I ended up doing quite a bit of research for this story starting with the setting. I looked at many states where cattle ranching is done and Nebraska seemed to fit the bill for the other story elements I needed. While Ashlin is a fictional town along with some other features, many other places mentioned are real. I also had to do some research on the Nebraska State Patrol and some legal elements. My main goal was to make the story plausible and believable as possible.

What is the best advice received as an author?

I’ve been very fortunate in that I have had good support in my writing journey and have gotten a lot of good advice along the way. One of the best pieces of advice I received was to trust your readers. As a novice I was guilty of overwriting and over explaining because I was unsure of myself as a writer and wanted to make sure my readers understood what I was saying. Once I trusted that the readers would get what I was saying without my spoon feeding them, my writing greatly improved.

What specific authors or books influence how you write today?

This is a tough question. I think everything I read, good or bad, becomes part of the collective. I can tell if I really like a book because I will want to reread it again immediately. With the subsequent read I will really try and figure out what it is the author is doing that makes me love the story. One author that does come to mind that I found particularly interesting when it comes to writing style is Lisa McMann. In her book Wake, I was really taken with the brevity of her writing and how she used very short sentences that packed a lot of punch. I think that tends to stick with me when I write.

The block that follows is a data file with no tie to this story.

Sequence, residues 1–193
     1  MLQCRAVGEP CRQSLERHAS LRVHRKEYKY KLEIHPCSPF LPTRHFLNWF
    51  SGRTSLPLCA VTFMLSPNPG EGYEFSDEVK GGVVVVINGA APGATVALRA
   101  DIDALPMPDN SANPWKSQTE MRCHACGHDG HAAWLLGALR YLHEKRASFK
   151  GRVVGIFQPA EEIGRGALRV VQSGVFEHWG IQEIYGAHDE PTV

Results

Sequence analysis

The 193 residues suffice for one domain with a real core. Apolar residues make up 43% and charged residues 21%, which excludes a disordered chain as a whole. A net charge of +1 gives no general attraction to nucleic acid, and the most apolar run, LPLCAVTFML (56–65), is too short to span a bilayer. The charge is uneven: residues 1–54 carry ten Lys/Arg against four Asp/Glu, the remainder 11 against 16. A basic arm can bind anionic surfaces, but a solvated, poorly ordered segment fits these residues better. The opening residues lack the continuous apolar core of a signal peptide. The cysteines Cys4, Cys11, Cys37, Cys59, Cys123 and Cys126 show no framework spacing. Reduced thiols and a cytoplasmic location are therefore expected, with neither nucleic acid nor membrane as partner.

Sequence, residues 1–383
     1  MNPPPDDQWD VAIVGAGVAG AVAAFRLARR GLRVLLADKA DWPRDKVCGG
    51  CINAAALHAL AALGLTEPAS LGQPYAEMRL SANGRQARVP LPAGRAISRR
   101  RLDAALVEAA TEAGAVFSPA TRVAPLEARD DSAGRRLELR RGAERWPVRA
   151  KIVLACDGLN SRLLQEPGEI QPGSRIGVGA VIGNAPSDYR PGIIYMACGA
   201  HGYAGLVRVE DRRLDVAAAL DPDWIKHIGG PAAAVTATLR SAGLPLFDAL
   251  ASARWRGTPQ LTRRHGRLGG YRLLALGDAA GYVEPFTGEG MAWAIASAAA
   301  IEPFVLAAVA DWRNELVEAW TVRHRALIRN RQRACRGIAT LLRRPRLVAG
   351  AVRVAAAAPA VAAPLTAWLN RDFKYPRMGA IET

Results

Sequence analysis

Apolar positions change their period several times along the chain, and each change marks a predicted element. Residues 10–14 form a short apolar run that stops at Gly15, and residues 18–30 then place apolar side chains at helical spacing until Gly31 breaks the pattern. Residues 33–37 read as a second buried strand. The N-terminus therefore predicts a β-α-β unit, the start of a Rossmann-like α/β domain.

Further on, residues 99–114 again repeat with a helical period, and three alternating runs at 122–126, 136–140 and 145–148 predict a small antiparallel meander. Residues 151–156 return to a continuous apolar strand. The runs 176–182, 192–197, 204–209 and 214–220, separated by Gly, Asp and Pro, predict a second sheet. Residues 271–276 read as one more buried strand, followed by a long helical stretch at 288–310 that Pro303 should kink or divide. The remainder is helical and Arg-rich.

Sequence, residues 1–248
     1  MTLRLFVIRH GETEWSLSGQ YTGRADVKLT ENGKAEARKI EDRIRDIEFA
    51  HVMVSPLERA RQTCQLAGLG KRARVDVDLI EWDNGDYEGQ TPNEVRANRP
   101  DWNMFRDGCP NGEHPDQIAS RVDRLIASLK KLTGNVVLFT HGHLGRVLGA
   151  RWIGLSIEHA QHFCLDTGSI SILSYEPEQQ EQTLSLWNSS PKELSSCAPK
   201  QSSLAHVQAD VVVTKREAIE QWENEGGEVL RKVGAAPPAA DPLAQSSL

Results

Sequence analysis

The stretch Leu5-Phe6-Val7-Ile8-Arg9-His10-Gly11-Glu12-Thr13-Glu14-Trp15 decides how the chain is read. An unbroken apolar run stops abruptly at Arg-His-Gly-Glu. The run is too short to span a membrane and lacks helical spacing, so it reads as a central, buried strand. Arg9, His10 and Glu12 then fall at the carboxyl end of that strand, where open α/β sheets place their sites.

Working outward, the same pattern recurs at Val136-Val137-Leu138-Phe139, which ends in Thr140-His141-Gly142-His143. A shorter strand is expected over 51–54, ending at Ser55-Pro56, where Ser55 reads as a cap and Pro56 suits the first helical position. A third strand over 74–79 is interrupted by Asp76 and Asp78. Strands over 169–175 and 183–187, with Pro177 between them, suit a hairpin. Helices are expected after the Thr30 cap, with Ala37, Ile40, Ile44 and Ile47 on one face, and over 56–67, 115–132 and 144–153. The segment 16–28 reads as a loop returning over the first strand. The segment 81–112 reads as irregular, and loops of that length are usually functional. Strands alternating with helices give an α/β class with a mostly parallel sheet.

What types of genres do you read now for pleasure and do they influence what you write today?

I’m still a huge fan of YA and MG (middle grade) literature and I also love fantasy. For the most part I will read anything that sounds interesting.  I’m partial to character driven stories, so as long as I like the characters it really doesn’t matter the genre. As for what I write, I started with writing fantasy and paranormal because that was what I read most. Writing a police procedural mystery came as kind of a surprise for me since that is the genre I read the least.

What is next for you?

Currently I am working on the second book in the series entitled Enmeshed. I am hoping to complete it sometime in 2016.

Where you can buy Entangled and get in touch with J. Evan Stuart!

Entangled on Amazon!

Twitter: https://twitter.com/jevanstuart

Website: http://jevanstuartauthor.blogspot.com/

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Interview with Justinia Wright, PI

Today it is my privilege to interview the famous Minneapolis private investigator, Justinia Wright. I’m sitting in the equally famous oxblood oversize wingback in her office, where many have sat before me in much less happy circumstances.

cwh: Miss Wright, thank you for agreeing to this interview.

JW: You are very welcome.

cwh: To begin, how long have you been a private investigator?

JW: Eight years.

cwh: And before that you worked for the CIA, is that correct?

JW: Yes. I worked seven years for The Company.

cwh: What made you leave and decide to become a PI?

JW: I can’t give you specifics. Let’s just say I didn’t see eye to eye with my boss and what he was asking me to do. As for becoming a PI, I didn’t do that right away. I opened an art gallery and sold art with a partner for two years.

cwh: Where was that?

JW: In San Francisco. When that didn’t work out, I moved to Minneapolis and got my private investigator’s license.

cwh: Why Minneapolis?